Helmsley Trust helps Retraction Watch chart its future with new $130,000 grant


We’re very pleased to announce a new grant for $130,000 from The Leona M. and Harry B. Helmsley Charitable Trust to The Center For Scientific Integrity, our parent non-profit organization.

The generous funding from the Trust’s Biomedical Research Infrastructure Program will allow us to work with a consultant to develop operational and sustainability plans for the Center. Over the coming months, we will assess the current unmet needs within the realm of scientific integrity, develop a strategic business plan that targets those unmet needs, and explore opportunities for growth. While grants will remain a critical part of our budget, we hope to reduce our reliance on foundation funding and generate revenue for continued operations in the long term.

The grant also provides some part-time salary for the Center’s co-founders, Adam Marcus and Ivan Oransky, who have been working on Retraction Watch as volunteers for more than five years. The timing felt right for this move, now that other funding has made it possible to create four other full-time positions first.

According to Betsy Fader, Director of the Trust’s Biomedical Research Infrastructure Program:

We are extremely pleased to offer support to the Center for Scientific Integrity to help them develop a plan for their long-term operations and sustainability. The work of the Center, and Retraction Watch in particular, is paramount to improving efficiency and transparency in biomedical research – which is a key objective of our program.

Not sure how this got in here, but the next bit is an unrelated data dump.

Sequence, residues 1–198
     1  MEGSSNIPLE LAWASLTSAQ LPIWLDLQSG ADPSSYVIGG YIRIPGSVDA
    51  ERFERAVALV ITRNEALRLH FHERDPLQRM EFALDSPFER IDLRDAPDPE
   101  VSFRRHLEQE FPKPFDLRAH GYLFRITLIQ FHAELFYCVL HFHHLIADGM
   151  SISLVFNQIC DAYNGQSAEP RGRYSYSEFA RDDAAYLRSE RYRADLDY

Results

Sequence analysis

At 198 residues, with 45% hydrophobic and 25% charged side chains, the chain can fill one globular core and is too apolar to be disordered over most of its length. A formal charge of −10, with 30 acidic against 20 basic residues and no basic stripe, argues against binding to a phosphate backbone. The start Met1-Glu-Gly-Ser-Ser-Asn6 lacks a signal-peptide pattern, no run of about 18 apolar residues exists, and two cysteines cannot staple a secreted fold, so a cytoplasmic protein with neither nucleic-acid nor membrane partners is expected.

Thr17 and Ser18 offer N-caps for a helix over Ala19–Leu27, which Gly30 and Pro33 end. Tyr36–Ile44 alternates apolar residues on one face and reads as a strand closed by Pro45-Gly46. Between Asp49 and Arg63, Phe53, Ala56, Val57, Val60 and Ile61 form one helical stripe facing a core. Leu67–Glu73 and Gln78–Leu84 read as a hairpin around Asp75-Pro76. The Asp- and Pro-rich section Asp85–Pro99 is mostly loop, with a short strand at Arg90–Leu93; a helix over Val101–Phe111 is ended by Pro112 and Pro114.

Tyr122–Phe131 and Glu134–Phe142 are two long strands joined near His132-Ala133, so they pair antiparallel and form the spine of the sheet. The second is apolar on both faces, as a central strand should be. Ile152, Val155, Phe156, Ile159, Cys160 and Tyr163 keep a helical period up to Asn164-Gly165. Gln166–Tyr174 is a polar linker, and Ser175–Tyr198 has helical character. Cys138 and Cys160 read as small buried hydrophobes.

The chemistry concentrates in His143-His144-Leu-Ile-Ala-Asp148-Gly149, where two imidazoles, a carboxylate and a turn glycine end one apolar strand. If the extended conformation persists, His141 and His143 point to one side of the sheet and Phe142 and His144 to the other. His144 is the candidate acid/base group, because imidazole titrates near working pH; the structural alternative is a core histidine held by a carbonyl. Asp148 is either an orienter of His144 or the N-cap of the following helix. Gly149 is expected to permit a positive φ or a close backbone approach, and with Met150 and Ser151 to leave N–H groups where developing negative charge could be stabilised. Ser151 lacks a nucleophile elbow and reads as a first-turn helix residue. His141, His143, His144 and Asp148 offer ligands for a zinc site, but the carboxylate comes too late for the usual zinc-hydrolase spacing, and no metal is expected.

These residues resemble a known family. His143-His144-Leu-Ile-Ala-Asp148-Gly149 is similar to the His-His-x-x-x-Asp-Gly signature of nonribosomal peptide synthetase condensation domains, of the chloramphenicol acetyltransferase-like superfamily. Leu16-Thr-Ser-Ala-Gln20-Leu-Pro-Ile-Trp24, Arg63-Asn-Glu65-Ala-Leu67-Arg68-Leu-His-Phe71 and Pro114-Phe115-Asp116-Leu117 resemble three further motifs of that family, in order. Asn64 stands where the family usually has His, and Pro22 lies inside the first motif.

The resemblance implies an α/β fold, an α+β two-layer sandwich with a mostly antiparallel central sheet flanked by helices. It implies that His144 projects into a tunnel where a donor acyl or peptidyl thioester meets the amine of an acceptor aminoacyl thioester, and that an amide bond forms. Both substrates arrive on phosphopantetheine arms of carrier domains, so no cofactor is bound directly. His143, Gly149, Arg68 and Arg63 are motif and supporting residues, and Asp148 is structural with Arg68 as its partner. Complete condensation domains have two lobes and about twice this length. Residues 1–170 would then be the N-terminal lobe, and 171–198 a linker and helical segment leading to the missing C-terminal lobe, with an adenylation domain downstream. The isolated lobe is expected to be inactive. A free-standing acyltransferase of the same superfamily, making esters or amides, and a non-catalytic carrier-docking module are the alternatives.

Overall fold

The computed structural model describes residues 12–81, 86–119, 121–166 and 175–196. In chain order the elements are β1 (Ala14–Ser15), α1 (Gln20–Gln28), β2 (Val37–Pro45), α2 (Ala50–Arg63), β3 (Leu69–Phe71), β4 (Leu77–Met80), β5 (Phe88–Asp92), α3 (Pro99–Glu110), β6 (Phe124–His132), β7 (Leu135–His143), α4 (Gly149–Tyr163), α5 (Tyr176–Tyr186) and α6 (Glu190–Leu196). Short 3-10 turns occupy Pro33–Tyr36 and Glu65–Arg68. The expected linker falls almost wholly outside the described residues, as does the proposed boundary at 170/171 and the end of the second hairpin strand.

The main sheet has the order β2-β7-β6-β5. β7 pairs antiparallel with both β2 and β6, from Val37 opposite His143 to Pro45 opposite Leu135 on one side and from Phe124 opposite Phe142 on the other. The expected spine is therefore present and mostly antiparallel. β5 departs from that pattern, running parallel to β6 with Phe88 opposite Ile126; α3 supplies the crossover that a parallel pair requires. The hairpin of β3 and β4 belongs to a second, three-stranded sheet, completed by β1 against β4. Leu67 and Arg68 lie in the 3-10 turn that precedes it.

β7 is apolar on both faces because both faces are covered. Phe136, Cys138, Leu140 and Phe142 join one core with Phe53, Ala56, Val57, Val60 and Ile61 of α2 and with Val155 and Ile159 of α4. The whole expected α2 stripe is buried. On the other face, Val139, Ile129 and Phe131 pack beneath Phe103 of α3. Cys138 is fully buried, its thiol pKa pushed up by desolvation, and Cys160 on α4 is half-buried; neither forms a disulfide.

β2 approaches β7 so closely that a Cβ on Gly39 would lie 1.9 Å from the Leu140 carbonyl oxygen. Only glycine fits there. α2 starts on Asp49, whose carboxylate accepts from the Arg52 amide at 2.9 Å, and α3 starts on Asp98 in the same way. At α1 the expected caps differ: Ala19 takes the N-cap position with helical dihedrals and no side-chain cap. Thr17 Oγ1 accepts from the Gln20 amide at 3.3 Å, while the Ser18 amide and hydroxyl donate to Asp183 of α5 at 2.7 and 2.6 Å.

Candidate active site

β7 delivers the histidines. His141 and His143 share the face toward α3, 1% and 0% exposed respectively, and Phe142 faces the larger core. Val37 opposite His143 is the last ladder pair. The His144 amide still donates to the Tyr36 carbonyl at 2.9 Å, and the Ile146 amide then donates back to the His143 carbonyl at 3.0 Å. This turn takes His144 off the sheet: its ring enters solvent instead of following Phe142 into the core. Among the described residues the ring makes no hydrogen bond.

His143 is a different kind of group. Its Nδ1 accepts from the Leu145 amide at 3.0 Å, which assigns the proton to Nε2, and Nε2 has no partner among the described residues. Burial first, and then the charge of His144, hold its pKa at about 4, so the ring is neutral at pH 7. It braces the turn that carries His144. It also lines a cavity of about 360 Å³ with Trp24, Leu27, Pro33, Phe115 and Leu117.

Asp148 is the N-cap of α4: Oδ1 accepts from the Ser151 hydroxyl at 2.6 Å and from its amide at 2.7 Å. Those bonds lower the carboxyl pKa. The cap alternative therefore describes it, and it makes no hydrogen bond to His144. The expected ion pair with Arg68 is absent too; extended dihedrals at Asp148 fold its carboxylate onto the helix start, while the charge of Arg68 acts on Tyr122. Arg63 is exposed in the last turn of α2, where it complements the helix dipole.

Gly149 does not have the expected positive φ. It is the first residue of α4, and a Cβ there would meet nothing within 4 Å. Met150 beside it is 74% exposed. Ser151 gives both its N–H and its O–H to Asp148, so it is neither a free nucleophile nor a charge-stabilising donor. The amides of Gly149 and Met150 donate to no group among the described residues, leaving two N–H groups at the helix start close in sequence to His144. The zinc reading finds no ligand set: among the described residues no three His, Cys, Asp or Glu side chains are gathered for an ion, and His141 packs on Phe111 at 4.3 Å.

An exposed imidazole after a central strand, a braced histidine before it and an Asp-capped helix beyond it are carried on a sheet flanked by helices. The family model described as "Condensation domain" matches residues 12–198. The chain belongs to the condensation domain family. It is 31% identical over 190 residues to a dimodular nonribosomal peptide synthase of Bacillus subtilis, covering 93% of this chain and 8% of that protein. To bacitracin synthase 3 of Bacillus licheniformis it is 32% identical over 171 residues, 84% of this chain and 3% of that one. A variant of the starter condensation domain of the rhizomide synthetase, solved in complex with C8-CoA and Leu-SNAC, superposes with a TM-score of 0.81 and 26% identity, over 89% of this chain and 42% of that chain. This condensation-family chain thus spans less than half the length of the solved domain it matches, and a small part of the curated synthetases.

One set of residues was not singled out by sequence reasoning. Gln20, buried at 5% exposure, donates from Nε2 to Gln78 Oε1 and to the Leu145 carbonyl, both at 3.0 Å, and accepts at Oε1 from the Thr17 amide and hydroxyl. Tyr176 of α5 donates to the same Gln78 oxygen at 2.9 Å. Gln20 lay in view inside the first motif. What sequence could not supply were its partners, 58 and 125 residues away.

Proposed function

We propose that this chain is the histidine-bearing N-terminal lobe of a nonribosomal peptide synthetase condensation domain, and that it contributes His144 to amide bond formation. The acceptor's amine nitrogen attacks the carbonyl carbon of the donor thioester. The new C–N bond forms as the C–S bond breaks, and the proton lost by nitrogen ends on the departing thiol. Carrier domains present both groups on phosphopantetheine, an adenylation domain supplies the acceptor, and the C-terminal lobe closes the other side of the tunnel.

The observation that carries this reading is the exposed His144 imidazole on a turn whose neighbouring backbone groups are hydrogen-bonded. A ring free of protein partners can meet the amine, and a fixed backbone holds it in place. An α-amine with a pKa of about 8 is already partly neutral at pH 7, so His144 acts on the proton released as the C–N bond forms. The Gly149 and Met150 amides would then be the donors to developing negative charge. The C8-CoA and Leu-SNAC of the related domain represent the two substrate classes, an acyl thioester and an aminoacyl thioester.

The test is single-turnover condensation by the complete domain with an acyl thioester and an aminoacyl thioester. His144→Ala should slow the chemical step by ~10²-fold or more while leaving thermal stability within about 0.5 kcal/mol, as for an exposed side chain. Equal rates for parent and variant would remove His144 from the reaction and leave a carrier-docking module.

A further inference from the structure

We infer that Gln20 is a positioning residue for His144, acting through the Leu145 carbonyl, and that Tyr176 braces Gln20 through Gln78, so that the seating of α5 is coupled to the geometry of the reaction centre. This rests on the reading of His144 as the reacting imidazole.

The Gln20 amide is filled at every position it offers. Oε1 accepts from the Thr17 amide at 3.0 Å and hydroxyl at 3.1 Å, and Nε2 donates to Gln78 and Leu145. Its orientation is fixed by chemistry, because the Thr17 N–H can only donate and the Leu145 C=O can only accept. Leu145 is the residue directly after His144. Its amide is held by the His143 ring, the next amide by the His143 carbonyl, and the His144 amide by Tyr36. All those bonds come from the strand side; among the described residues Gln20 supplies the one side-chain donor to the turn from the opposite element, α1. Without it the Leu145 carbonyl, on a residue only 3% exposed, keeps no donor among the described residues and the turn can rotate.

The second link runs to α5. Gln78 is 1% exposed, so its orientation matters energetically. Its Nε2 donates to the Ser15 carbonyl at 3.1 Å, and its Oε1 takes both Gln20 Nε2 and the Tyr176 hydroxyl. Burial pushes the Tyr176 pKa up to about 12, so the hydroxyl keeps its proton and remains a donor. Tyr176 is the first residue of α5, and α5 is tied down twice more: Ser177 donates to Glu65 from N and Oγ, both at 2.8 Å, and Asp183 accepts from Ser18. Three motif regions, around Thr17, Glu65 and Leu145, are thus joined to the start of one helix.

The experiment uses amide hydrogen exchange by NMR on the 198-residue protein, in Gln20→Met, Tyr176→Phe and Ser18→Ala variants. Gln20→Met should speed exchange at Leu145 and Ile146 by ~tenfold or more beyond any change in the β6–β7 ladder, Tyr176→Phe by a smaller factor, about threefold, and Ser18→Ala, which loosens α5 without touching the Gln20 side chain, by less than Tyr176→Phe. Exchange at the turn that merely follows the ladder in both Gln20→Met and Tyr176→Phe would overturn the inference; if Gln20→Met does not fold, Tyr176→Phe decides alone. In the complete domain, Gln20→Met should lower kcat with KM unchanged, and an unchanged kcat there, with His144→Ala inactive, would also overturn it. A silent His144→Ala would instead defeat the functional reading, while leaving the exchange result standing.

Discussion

We want to offer our thanks to the Trust and to all of our wonderful readers, without whom none of this would be possible.

About the Helmsley Charitable Trust:  The Leona M. and Harry B. Helmsley Charitable Trust aspires to improve lives by supporting effective nonprofits in health, place-based initiatives, and education and human services. Since 2008, when the Trust began its active grantmaking, it has committed more than $1.5 billion for a wide range of charitable purposes. The Trust’s Biomedical Research Infrastructure Program seeks to lower barriers for biomedical discovery through the development of research tools, training and collaborative platforms that improve the quality and reproducibility of preclinical research. For more information, visit helmsleytrust.org.

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8 thoughts on “Helmsley Trust helps Retraction Watch chart its future with new $130,000 grant”

  1. congratulations on the new grant from Helmsley Charitable Foundation, and the amazing progress you have made. It is now fashionable to talk about scientific integrity AND do something about it. You are certainly responsible for a lot of the change. Thank you.

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